Give it to Me

Yesterday, after spending 9 hours walking in the Montane Ecuadorian Forest, counting birds from 5:30 AM to 2:30 PM, Brady and I were napping. In my daze, I heard a car pull up in front of our house and turn off its engine. I’ve heard this before here and don’t think much of it anymore. The sounds outside often sound louder inside this wooden uninsulated house and I’ve come to accept that the idling cars and friendly voices are not here for us. This time, I was wrong. There was an enthusiastic knock on the door, tapping out a familiar rhythm that I’ve used on doors of friend’s houses in the US.


The Martin Families on a Road Less Traveled, Counting Birds


As I was alone upstairs in our room, I waited for Brady to answer (honestly, I didn’t know that he was napping as well). I heard him converse in broken Spanish, then call Brennan down. Shortly thereafter an excited and slightly frenzied Brady came up the 2 flights of stairs into our little bedroom and told me that the taxi driver from last weekend was at our door and he was returning Brennan’s iPhone that we thought we would never see again. I told Brady where to find my stashed cash and sent him down with $40 as a reward.

A moment passes. More excited and broken Spanish. My eyes are still closed, my body still resisting waking. Brady returns. He tells me that I must get up and get dressed, the taxi driver will not leave until he talks to me.

I throw on some clothes and toss my bird’s nest of a hair-do into a slightly tidier looking bun. When I make it down the creaky stairs, I see a man and a woman standing barely inside my front door. Indeed, it is the taxi driver from last weekend. I recall him telling me about his disabled daughter and how he had never been to Mindo and had hoped to bring her here someday. It appears that he came this weekend, returning the iPhone that Brennan had left behind in his cab (worth hundreds of dollars here, if not more), and bringing his wife along.

We chat for a bit and I listen to his story of finding the phone. He thought the phone was mine and when he learns it was my 11 year old son’s, there is a pregnant pause. I explain how it was a gift 2 years ago, that it was my mom’s old phone, that it doesn’t work as a phone, and my son uses it more as a tablet. I find myself compelled to explain how our privilege is hardly privilege but it feels a bit contrived.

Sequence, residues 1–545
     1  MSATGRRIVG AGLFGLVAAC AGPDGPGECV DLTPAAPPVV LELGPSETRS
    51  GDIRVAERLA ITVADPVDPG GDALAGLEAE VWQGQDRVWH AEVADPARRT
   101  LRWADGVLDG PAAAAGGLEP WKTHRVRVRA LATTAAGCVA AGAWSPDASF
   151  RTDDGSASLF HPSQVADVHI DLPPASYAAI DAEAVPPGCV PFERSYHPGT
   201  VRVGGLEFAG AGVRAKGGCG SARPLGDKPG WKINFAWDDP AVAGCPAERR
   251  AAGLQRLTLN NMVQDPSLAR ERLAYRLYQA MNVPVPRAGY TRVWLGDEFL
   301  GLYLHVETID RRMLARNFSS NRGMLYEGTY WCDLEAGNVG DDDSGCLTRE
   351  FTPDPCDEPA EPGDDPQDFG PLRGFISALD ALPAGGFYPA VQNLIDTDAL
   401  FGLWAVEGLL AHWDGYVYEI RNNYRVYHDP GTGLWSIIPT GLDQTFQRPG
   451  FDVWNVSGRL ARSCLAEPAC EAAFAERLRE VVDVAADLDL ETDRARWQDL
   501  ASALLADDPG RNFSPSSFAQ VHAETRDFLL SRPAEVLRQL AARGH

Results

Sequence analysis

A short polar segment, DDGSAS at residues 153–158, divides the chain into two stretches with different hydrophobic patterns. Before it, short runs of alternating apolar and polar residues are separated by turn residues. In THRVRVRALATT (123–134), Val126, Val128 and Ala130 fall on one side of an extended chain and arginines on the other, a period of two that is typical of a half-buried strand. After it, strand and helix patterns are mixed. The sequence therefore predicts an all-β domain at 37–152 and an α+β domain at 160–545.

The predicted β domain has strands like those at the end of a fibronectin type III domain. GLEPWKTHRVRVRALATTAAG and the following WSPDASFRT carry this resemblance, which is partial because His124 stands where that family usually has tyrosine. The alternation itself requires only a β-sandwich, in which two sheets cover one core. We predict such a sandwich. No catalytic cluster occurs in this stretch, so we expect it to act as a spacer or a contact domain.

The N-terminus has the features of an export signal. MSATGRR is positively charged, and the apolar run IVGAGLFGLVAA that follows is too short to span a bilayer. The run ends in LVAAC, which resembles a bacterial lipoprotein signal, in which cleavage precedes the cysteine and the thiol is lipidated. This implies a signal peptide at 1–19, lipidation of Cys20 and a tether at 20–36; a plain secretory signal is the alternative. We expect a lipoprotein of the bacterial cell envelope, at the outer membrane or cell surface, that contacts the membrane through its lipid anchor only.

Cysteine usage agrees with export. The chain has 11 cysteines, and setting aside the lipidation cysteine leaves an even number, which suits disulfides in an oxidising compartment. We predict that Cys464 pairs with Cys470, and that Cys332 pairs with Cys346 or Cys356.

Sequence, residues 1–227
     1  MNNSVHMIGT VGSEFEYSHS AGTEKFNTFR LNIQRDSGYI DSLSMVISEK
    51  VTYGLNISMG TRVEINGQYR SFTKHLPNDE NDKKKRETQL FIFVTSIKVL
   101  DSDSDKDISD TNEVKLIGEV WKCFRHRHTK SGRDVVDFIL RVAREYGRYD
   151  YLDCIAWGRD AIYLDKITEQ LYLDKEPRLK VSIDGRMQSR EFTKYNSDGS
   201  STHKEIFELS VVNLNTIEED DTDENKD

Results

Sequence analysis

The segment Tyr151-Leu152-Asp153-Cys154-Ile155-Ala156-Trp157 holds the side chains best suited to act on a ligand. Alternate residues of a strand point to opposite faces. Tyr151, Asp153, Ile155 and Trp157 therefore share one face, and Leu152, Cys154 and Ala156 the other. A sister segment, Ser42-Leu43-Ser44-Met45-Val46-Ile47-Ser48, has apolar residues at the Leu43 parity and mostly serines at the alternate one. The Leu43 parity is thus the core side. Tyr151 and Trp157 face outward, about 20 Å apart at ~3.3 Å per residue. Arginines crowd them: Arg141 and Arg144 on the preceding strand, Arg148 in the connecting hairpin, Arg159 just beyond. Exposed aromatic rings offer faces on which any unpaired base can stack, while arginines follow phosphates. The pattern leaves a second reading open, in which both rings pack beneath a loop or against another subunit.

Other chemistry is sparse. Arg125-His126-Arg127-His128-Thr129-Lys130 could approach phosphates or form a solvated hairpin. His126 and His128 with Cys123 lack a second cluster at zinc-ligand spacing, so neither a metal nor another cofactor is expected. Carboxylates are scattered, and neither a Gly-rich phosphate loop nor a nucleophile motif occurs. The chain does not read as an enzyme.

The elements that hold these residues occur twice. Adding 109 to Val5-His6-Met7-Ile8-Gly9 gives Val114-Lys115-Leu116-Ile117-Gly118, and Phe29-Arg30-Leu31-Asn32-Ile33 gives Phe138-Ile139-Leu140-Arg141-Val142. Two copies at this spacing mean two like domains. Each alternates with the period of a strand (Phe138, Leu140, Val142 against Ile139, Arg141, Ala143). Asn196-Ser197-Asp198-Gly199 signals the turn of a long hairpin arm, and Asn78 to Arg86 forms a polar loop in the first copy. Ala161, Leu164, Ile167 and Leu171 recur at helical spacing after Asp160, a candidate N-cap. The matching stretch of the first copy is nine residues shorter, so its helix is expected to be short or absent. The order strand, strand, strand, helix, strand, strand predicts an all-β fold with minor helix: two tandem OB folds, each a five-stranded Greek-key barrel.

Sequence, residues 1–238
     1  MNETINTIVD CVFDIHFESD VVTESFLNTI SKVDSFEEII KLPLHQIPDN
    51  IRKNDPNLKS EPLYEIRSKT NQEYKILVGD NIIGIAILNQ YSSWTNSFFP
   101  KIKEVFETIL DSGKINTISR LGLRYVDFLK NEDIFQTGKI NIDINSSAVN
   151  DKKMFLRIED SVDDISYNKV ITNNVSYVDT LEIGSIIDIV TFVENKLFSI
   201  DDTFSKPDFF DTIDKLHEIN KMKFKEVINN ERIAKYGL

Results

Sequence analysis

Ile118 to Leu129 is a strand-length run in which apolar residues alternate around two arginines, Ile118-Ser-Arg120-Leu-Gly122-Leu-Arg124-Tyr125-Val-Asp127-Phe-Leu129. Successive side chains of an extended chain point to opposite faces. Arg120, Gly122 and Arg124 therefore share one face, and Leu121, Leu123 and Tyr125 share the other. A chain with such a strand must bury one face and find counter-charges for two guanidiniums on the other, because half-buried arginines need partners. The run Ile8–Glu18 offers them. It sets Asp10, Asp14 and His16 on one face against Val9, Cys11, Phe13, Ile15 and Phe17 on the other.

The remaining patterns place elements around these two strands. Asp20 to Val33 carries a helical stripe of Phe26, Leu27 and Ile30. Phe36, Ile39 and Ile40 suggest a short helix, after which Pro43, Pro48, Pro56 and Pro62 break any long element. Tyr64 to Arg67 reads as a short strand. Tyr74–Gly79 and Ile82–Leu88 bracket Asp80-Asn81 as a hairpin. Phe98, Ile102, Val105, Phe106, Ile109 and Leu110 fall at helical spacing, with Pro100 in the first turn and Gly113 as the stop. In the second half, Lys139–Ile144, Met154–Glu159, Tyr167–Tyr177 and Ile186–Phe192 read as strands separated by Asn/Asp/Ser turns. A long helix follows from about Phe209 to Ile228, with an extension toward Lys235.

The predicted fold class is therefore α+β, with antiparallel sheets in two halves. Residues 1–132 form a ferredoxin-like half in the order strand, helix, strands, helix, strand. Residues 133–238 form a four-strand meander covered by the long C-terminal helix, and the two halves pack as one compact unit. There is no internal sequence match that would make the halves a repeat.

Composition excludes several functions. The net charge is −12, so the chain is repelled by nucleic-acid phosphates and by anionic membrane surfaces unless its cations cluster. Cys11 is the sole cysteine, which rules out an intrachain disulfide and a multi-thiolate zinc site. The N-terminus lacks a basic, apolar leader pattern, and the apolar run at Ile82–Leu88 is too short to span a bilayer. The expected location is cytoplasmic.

After learning about how the man had showed up at our door earlier, but we had not been home, about how they had spent time eating lunch waiting to return to our home, I then feel our privilege pressing against my bones. Maybe we should give them more than $40? Geez…. it probably seems like we’re rich… but we are on a budget here and honestly getting the phone back is not worth so much money to me. We give them some honey we brought from home, some packets of Emergen-C and some tea bags.

The married couple, whose wife looks much older than the husband, then tells me about their daughter who is in the car. They offer for us to meet her. “Yes, that’d be great” we exclaim. Remember, this is all happening in Spanish and I’m acutely aware of how I must sound like a 4 year old to them. The man, Fernando, goes and gets his daughter from the car. He carries her into our house.

She is big. She is an 11 year old girl. Her hand is twisted at the wrist. Her eyes barely focus. Her mouth is agape. Her spine is twisted and her head does not turn toward us. He turns her head toward us gently so we can meet her, though I’m not sure she’s aware of what is happening. We say our standard greetings and in an attempt at small talk, I ask he age. “¿Cuantos años tiene?” I ask. “Tiene once años”, Fernando replies. “El mismo edad de mi hijo”, I reply and all eyes turn to my 11 year old. He’s standing there with a Chicago bulls cap on his long brown hair. Healthy smile, shining eyes, strong body, iPhone in his hand. It’s no longer my privilege that is pushing on my bones, it’s now the weight of good fortune; my son is healthy and normal. He can wipe his own bottom. He can feed himself. He can walk. I want to give them more but I can’t give them a “normal” parenting experience.


Slightly Tortured Jai on the 9 Hour Bird Count



Our conversation turns to the difficulty of caring for their daughter. They have to do everything for her. The wife tells me that it’s all her who cares for the girl, then tosses a half-hearted “and him too” toward her husband. They show me some official card that Fernando removes from his wallet. It claims that the girl is “100% incapacitated” and I see something about certain lethality on the card. I commiserate with them. I exclaim, “entiendo. Es dificil por las manos, la mente y el corazón.” The woman and I both have teary eyes. I feel a shift in the energy of the our interaction. A bit more connection at the heart level.

They begin to ask me if I know of a “padrino” who can help them. This word, I’ve learned, can be “god father” or “sponsor”. They don’t have help. They don’t have a wheel chair. The girl doesn’t go to school. She’s getting too heavy to carry.

I explain that I don’t really know. I’ve only lived here a few weeks and will be leaving in a few more. I tell them about the Salem Center down the street from our house. It’s a German run organization that helps kids after school; kids who have disabilities (many kids with down-syndrome here, perhaps due to women having kids well into their older years). We recognize that this is not what they need. They live in Quito.

What is this pressure I’m feeling? The pressure of privilege? The pressure of good fortune? The struggle that exists between giving and receiving. Can I receive my good fortune with grace? Shall I give more than I think I can, knowing there is always enough? The whole exchange is laden with discomfort; the complexity of the joy of the gift and the possibility for future exchanges.

I’m resisting the urge to push them out, slam the door and say, “please leave! I cannot look at your pleading faces and your incapacitated daughter who was born to you the same year that my perfectly imperfect son was born to me!”

I want to say “take what you want, please, take anything, if it will relieve your burden”.

Instead I ask for his phone number and tell him I’ll hire him as a taxi driver should I ever need one in Quito, knowing perfectly well that his small sedan cannot accommodate my perfectly imperfect large family with 3 healthy children.